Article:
Dr Rashna Taraporewalla, History Teacher and Mindfulness Facilitator
A yearning characteristic of the modern age is the desire to be more tranquil and focused. The wish to be calmer is almost universal. The age in which we live is wonderous in many ways, but also potently and tragically calibrated to predispose those living in it to low-level depression and a high level of background anxiety.
Having been born into such an era, perhaps we should treat ourselves, and those around us, with a measure of gentle care. What can we do to alleviate our stress? There are ancient antidotes to the problems that beset modern humans, as simple as they are effective. Most cultures possess some form of contemplative practice, and these, adapted for a modern, secular world, lie at the core of mindfulness. One simple practice, taught to students throughout the School as part of our mindfulness program, offers a clear path to peace and calm. It involves three simple steps—Pause, Breathe, Smile.
In our busy society, it is of great value, from time to time, to stop doing and simply be. It may feel counterintuitive, when busy and pressed with deadlines, to sit still. Indeed, it contravenes the values transmitted to us by the society in which we live.
In anthropological terms, ours would be classified as a doing culture. Every society asks of itself the fundamental question, ‘How best should we spend our time?’ The anthropologists Florence Kluckhorn and Fred Strodtbeck (1961) suggested that cultures that answer this question by emphasising that people should continually complete tangible tasks—doing cultures—may be distinguished from those that value pause and reflection—being cultures. While much may be accomplished within a doing culture, much may also be lost.
The human body possesses only one stress system, and it cannot discern between tasks to be accomplished and the threat presented by predators our biological ancestors may have encountered. Cortisol, the hormone that surges in response to stress, can be useful when needed to prime our minds and bodies to face an immediate and sudden threat, but becomes more problematic when endured for a sustained period. Cortisol activates our sympathetic nervous system, one of the two components of the autonomic nervous system, the bodily network through which signals and instructions are transmitted. Our flight-or-fight response is triggered. Within our modern society, we are stuck constantly in this mode. When the body generates cortisol, it does so at the expense of other hormones, diverting resources from other processes. As a result, ineffective digestion can lead to weight gain, sleep disruption can leave us feeling constantly drowsy and our immune systems can become exhausted.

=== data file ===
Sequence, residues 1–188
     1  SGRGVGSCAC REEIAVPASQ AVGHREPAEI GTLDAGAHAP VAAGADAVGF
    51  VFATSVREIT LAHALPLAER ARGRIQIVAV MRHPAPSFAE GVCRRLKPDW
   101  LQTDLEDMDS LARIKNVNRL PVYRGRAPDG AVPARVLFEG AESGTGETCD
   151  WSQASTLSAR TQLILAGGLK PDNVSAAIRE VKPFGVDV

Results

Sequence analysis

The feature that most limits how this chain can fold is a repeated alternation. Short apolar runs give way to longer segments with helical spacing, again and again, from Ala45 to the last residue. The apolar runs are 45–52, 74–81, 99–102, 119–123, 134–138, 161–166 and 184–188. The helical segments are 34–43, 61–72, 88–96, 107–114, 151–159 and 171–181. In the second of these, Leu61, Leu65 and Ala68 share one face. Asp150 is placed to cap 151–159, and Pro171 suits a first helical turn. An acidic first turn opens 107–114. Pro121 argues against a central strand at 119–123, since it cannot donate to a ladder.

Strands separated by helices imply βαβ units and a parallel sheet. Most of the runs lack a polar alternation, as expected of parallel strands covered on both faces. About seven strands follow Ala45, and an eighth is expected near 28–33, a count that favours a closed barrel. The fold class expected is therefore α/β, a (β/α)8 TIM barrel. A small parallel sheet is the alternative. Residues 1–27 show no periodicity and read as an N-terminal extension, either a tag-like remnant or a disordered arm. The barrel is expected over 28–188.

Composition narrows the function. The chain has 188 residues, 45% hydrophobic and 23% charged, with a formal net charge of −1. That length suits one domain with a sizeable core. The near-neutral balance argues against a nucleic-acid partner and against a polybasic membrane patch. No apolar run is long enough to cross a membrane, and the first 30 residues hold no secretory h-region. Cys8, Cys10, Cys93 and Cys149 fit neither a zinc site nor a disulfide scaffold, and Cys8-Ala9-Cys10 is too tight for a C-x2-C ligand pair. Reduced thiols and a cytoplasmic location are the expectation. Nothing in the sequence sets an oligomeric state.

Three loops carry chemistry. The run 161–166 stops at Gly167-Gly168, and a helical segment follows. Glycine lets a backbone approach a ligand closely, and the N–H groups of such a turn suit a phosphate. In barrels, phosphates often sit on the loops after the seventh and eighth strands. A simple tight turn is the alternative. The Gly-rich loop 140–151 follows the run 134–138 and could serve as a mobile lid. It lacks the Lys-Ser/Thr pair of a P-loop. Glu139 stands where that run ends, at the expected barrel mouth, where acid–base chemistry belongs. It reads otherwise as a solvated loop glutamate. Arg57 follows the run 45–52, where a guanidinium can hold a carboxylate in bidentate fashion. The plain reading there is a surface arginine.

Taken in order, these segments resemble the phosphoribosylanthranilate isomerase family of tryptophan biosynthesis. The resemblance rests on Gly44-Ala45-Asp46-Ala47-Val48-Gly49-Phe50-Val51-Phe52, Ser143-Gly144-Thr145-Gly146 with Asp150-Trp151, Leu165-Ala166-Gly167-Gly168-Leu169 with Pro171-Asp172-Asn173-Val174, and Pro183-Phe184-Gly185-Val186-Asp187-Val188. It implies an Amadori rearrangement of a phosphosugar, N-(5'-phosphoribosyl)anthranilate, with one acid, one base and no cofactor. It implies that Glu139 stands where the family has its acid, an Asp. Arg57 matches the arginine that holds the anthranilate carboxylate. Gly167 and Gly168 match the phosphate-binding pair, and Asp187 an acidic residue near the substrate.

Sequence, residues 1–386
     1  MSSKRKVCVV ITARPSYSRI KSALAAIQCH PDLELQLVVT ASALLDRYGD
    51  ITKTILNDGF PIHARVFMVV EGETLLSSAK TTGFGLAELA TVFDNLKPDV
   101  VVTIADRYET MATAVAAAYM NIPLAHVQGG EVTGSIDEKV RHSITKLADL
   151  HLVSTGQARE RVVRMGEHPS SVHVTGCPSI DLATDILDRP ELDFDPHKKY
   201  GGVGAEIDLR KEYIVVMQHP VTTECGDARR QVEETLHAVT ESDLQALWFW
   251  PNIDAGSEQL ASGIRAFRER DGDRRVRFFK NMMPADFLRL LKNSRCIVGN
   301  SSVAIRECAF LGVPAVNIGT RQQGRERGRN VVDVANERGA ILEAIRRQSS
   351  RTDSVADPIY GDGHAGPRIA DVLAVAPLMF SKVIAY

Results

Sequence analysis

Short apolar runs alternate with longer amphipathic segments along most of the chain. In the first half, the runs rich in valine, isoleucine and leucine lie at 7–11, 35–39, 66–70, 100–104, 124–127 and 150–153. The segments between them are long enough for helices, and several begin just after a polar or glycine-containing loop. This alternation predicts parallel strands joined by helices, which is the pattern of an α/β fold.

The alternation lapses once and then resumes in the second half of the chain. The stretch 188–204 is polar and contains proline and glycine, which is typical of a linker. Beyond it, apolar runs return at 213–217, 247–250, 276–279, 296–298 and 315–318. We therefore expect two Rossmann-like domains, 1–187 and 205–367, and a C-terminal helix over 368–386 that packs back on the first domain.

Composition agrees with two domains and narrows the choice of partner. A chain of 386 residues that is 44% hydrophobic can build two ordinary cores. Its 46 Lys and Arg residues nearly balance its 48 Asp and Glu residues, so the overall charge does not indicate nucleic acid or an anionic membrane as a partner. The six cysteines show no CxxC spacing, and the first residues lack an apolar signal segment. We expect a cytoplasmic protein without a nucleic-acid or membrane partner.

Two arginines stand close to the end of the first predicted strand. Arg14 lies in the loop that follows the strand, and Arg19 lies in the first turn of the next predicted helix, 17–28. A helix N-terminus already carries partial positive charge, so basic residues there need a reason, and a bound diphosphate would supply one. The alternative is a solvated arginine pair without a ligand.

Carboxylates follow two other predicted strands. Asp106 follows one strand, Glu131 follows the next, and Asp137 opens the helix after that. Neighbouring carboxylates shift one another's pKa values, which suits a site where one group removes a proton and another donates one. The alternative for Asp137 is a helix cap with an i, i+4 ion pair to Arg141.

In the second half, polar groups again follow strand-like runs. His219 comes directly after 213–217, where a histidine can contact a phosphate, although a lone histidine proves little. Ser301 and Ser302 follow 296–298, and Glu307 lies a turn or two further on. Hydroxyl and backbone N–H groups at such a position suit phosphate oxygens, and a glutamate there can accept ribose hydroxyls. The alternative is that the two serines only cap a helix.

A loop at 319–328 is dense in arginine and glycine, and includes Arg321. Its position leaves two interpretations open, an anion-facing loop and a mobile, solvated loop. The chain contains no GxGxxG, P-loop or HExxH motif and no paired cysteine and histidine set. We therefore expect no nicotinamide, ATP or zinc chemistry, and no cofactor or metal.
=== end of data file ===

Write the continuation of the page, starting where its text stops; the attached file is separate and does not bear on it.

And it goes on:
There is, however, an ‘off’ switch—the parasympathetic nervous system. Responsible for the rest-and-digest response, this system, when activated, increases saliva production and releases digestive enzymes, drops our heart rate and allows our muscles to relax. Put simply, when the neural pathway of the sympathetic system is activated, the corresponding pathway of the parasympathetic system is deactivated. When the neural pathway of the parasympathetic system is activated, the corresponding pathway of the sympathetic system is deactivated. For this reason, the best medical advice recommends pausing for 15 minutes each day—more, if possible—during which we allow our bodies the time and space to hit the ‘off’ switch on cortisol production. It must be time spent alone, it must not involve a screen and we must not feel guilty. It should not be delayed until everything has been done, for there is always something else to accomplish.
With the full stop at the end of this sentence, pause—sit and feel your feet on the floor and your legs on the chair—stop doing, and just be.